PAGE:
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WAY CLEARED FOR JUDICIAL REVIEW IN SUNDERLAND DISMISSAL CASE

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Sunderland's former top educational psychologist claims she was sacked from her local authority post in January as ...
Sunderland's former top educational psychologist claims she was sacked from her local authority post in January as the price of sticking by her professional judgement.

In London's high court yesterday Mr Justice Collins opened the way for a full judicial review of Margaret Baumber's complaints.

Ms Baumber had been the City of Sunderland's principal educational psychologist, for nine years before her dismissal.

Her counsel, Tim Kerr, said her departure was prompted by her refusal to prematurely submit reports on children with special educational needs against her professional judgement.

The local authority had insisted that she submit her reports before she had had the benefit of reading the views on particular children by other professionals, he claimed.

Her principled stance led to her suspension in May last year and her dismissal in January, he told the court.

Mr Kerr said it could not be misconduct for Ms Baumber to refuse to obey her employers' instructions to do something which was itself unlawful.

Ms Baumber is seeking a high court declaration that she was 'legally obliged' to have sight of all available written reports before requiring her to submit her own advice to the council's special needs service.

Mr Kerr told the court that her dismissal was currently the subject of an internal appeal and industrial tribunal proceedings.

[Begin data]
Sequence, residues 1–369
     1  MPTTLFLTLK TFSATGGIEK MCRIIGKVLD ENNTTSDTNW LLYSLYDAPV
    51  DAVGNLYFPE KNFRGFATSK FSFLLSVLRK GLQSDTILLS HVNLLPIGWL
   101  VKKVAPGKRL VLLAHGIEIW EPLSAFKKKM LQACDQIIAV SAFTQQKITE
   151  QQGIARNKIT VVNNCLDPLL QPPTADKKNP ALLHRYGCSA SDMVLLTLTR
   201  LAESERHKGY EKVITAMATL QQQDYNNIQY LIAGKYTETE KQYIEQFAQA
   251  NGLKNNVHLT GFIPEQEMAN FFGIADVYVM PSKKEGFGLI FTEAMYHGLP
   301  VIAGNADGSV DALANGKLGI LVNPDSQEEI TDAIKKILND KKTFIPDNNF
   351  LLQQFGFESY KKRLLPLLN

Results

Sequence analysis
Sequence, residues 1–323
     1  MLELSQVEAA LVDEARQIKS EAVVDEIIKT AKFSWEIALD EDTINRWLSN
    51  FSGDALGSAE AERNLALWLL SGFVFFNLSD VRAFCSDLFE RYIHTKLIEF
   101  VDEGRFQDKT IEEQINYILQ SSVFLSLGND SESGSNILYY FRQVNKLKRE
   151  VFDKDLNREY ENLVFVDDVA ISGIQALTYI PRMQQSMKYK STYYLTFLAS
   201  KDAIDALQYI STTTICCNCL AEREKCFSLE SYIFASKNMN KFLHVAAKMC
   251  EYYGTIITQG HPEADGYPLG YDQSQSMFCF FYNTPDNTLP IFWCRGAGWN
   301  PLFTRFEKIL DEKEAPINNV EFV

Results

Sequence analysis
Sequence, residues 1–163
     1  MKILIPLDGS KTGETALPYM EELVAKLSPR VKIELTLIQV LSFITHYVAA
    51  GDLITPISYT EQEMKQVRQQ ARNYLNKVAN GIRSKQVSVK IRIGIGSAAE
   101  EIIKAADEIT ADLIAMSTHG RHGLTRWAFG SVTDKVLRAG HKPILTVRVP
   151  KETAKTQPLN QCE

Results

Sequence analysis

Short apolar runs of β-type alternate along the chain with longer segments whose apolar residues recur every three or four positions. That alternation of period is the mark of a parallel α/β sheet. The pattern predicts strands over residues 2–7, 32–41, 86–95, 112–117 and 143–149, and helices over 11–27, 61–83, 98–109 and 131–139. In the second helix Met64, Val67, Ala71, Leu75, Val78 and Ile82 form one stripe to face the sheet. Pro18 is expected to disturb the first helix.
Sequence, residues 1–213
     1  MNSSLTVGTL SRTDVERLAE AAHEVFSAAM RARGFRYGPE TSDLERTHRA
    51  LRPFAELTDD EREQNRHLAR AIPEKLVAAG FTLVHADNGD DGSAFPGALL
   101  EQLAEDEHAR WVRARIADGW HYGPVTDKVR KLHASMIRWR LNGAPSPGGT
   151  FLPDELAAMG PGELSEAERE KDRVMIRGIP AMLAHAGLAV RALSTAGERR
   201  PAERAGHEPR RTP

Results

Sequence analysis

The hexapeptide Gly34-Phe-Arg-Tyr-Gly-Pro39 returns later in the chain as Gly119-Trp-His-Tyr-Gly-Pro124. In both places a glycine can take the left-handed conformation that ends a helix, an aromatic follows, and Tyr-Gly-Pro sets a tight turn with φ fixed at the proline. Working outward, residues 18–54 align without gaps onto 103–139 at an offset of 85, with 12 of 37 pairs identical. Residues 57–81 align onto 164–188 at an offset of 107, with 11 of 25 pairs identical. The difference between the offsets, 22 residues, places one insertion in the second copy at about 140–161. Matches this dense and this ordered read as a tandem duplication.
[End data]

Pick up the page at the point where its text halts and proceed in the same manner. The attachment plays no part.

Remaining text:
'She contends that she would have been compromising her professional standards and risking detriment to the child concerned if she were to finalise a report without having read the available written reports of other professionals.

'In her professional judgement she needs to read and take into account all advices before finalising her own reports.

'If the order is unlawful then it is not misconduct to refuse to obey it,' Mr Kerr told the judge.

Ms Cherie Booth, for the City of Sunderland, argued that Ms Baumber's case had no place before the high court.

'The proper forum for arguing the lawfulness of the decision should be in an industrial tribunal where all the reasons for her dismissal will be looked into.'

One of the reasons behind Ms Baumber's dismissal 'was the backlog of reports on her desk that need to be finalised,' Ms Booth told the judge.

Delays by the local authority in statementing children with special educational needs had been the subject of 12 ombudsman reports and one set of high court proceedings, she said.

But Mr Justice Collins said he was persuaded that Ms Baumber had an 'arguable point'.

Unless matters are resolved in the meantime, Ms Baumber's case will return to the high court for a full judicial review hearing.

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